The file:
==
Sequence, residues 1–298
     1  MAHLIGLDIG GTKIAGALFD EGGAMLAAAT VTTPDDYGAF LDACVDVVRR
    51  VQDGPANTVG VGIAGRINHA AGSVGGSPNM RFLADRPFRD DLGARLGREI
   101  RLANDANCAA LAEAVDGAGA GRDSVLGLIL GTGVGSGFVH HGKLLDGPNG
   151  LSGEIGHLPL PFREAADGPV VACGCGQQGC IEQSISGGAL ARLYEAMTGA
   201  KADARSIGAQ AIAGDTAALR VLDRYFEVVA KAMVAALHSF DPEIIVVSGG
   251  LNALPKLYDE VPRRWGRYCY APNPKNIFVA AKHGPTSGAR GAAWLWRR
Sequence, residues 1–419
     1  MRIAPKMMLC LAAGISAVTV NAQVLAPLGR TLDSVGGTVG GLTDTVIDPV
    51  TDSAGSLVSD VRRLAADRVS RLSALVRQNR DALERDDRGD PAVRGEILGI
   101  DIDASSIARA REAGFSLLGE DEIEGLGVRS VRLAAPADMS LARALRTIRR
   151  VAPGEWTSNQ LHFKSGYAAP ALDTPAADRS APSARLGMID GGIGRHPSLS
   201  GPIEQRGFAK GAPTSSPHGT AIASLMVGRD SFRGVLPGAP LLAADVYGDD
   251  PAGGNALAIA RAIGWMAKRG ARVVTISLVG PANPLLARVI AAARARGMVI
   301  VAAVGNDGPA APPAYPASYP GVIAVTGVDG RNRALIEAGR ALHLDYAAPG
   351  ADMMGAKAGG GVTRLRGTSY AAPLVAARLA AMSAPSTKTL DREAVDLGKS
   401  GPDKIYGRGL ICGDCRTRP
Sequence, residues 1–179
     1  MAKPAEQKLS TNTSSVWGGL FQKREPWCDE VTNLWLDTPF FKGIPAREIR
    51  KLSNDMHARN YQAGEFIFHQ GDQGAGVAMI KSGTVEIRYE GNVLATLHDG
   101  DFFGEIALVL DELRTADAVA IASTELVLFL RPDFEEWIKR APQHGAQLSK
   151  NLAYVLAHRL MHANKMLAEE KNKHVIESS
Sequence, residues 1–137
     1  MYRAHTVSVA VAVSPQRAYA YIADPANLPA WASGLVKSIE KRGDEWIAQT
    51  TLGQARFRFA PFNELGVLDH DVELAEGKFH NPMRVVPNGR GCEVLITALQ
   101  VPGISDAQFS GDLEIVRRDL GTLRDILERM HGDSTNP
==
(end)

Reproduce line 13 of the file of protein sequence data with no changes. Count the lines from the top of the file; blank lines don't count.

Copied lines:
   201  GPIEQRGFAK GAPTSSPHGT AIASLMVGRD SFRGVLPGAP LLAADVYGDD